September 2016
Volume 57, Issue 12
Open Access
ARVO Annual Meeting Abstract  |   September 2016
Overexpression of Nrf2 in the eye protects retinal pigment epithelial cells of Rd1 mice
Author Affiliations & Notes
  • David M Wu
    Department of Ophthalmology, Harvard Medical School, Boston, Massachusetts, United States
    Retina Service, Massachusetts Eye and Ear Infirmary, Boston, Massachusetts, United States
  • Xuke Ji
    Department of Ophthalmology, Harvard Medical School, Boston, Massachusetts, United States
    Retina Service, Massachusetts Eye and Ear Infirmary, Boston, Massachusetts, United States
  • Wenjun Xiong
    Department of Biomedical Sciences, City University of Hong Kong, Kowloon, Hong Kong
  • Constance L Cepko
    Genetics, Harvard Medical School, Boston, Massachusetts, United States
    Howard Hughes Medical Institute, Boston, Massachusetts, United States
  • Footnotes
    Commercial Relationships   David Wu, None; Xuke Ji, None; Wenjun Xiong, None; Constance Cepko, Astellas (F)
  • Footnotes
    Support  NIH K08-EY023993-01 (DW), NIH R01 EY023291 (CC), R21 EY024137 (CC), HHMI (CC)
Investigative Ophthalmology & Visual Science September 2016, Vol.57, 1186. doi:
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    • Get Citation

      David M Wu, Xuke Ji, Wenjun Xiong, Constance L Cepko; Overexpression of Nrf2 in the eye protects retinal pigment epithelial cells of Rd1 mice. Invest. Ophthalmol. Vis. Sci. 2016;57(12):1186.

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      © ARVO (1962-2015); The Authors (2016-present)

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Abstract

Purpose : The Nrf2 pathway is a key regulator of protection against oxidative stress in many systems, including the eye. Nrf2-/- mice have been shown to have an eye phenotype reminiscent to age-related macular degeneration. Conversely, overexpression of Nrf2 with an adeno-associated virus (AAV) in cone photoreceptors has been shown to rescue these cells from death in the rd1 model of retinitis pigmentosa. As this AAV also infects the retinal pigment epithelium (RPE), we sought to determine the effect of overexpression of Nrf2 on retinal pigment epithelial cells in rd1 mice.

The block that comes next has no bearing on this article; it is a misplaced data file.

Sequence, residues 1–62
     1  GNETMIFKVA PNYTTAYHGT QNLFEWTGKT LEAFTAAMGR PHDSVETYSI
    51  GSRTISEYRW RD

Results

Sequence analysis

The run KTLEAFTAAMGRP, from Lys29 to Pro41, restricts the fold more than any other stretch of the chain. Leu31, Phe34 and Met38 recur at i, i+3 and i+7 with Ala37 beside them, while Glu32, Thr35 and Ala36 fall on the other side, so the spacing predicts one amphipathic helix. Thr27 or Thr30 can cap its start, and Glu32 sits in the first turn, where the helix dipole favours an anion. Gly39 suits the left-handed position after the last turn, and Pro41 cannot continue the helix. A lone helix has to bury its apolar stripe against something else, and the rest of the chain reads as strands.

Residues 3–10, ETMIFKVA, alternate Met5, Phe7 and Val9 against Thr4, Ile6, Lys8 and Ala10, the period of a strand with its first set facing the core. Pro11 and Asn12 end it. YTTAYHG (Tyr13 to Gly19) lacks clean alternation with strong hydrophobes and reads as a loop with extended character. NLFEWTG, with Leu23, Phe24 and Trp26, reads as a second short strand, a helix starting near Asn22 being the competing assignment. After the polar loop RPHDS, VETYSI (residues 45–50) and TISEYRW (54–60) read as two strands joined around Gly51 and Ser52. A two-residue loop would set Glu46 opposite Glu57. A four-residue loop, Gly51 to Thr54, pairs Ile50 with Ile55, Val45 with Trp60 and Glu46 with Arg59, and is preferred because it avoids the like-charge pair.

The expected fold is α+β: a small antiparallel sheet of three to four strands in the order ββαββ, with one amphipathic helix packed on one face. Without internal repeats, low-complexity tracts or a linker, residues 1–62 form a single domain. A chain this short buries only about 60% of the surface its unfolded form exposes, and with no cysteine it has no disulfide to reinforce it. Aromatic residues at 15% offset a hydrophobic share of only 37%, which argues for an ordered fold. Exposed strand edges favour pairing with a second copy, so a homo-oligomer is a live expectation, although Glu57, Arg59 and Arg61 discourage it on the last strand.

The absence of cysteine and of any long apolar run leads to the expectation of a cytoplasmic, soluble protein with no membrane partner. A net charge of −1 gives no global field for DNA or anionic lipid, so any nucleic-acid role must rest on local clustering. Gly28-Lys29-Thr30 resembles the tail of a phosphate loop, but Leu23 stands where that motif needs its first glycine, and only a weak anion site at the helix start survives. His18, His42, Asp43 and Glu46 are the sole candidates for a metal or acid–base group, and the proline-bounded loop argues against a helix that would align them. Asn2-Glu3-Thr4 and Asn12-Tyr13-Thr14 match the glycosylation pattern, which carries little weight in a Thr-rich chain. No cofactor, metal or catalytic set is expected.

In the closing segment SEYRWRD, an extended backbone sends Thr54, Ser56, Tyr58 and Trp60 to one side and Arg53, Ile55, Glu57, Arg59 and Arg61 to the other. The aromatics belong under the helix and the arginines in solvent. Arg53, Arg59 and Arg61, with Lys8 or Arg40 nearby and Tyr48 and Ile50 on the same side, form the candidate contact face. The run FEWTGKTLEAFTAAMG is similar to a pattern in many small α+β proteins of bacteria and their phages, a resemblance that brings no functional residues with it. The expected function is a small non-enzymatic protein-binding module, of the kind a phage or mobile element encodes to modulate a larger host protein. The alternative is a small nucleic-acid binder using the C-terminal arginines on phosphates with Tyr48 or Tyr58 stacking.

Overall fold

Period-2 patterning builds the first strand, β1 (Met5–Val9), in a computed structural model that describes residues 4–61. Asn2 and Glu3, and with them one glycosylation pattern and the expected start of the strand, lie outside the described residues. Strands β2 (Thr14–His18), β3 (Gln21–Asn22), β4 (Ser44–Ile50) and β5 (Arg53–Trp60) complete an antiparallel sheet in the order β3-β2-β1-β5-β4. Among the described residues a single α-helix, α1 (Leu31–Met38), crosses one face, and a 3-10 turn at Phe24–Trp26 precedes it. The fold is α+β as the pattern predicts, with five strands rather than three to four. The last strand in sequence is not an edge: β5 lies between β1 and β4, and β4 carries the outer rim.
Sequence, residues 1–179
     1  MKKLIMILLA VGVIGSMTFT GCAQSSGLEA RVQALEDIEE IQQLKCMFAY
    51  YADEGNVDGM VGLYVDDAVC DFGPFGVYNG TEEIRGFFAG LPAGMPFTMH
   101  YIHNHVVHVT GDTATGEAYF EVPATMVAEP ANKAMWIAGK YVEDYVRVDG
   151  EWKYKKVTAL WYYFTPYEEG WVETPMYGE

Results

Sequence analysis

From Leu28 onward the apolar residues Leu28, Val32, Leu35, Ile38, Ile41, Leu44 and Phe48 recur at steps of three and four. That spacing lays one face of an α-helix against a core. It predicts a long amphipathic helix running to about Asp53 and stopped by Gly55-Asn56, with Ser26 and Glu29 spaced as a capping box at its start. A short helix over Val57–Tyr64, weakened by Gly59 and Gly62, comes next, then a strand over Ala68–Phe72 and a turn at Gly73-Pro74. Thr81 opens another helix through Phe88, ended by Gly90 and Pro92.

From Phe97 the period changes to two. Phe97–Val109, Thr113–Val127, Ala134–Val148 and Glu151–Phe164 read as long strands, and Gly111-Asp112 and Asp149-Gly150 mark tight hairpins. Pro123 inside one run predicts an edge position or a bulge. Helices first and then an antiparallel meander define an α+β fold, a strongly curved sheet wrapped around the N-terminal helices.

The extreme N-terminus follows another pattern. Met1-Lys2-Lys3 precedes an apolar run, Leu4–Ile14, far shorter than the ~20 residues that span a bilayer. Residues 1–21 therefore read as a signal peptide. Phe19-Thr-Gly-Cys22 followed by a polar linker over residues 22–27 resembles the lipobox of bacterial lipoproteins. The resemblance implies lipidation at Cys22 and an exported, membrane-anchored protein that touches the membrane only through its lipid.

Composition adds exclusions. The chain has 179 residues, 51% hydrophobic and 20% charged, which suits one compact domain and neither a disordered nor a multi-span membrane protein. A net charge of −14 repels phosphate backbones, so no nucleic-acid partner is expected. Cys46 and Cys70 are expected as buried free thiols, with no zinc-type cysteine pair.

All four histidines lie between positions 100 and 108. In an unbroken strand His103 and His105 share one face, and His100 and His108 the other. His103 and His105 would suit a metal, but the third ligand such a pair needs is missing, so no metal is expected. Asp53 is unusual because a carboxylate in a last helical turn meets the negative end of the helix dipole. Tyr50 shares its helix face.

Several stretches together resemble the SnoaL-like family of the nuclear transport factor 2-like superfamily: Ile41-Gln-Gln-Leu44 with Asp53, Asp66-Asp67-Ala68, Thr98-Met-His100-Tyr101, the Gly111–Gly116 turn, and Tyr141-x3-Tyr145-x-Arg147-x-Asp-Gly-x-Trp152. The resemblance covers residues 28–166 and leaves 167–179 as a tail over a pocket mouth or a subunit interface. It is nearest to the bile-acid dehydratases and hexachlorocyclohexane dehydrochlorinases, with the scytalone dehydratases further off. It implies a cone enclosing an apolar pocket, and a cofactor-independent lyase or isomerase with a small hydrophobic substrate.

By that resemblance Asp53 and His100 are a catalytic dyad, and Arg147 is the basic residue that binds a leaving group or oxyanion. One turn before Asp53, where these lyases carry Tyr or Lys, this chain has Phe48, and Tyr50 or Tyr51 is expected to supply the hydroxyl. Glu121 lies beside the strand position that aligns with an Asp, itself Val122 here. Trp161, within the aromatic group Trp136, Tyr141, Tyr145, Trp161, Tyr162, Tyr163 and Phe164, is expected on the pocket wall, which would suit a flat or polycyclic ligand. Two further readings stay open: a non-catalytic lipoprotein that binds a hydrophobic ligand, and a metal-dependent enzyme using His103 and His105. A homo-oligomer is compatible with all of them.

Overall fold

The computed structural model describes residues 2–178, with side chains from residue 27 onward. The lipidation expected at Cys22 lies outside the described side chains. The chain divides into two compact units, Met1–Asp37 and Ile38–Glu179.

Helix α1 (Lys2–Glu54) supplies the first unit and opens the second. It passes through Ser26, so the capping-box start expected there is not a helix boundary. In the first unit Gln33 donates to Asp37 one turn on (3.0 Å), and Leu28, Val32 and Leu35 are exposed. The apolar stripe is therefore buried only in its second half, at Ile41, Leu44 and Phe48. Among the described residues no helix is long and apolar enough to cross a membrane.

Methods : AAV vectors (serotype 8) were delivered by subretinal injection at P0 in rd1 mice. AAVs expressing green fluorescent protein (GFP) driven by a cytomegalovirus (CMV) promoter [CMV GFP] and/or Nrf2 driven by a CMV promoter [CMV Nrf2] were used. Mice were then sacrificed at serial time points and examined for histological analysis.

Results : In control mice that only received subretinal injections of CMV GFP, RPE cells appeared dysmorphic and even absent in some areas by P30. In contrast, mice that received subretinal coinjections of CMV Nrf2 and CMV GFP showed preservation of the RPE. In a subset of mice, in which subretinal injections resulted in only partial coverage of the eye, areas of dysmorphic versus preserved structure correlated well with uninfected versus infected RPE, respectively.

Conclusions : Overexpression of Nrf2 using the CMV promoter in cone photoreceptors has previously been shown to prolong their survival in the rd1 mouse model of retinal degeneration. In this study, we show that the same route of Nrf2 delivery (subretinal injection) also results in a protective effect on the retinal pigment epithelium. Because the CMV promoter is serendipitously expressed at high levels in both RPE as well as cones, this may be due to the autonomous effects of Nrf2 in the RPE. Alternatively, it may be a secondary (non-autonomous) effect of over-expression of Nrf2 in the cones. We are now undertaking studies with AAVs that have higher degrees of photoreceptor or RPE specificy of expression in order to better understand the mechanism of RPE rescue by CMV Nrf2.

This is an abstract that was submitted for the 2016 ARVO Annual Meeting, held in Seattle, Wash., May 1-5, 2016.

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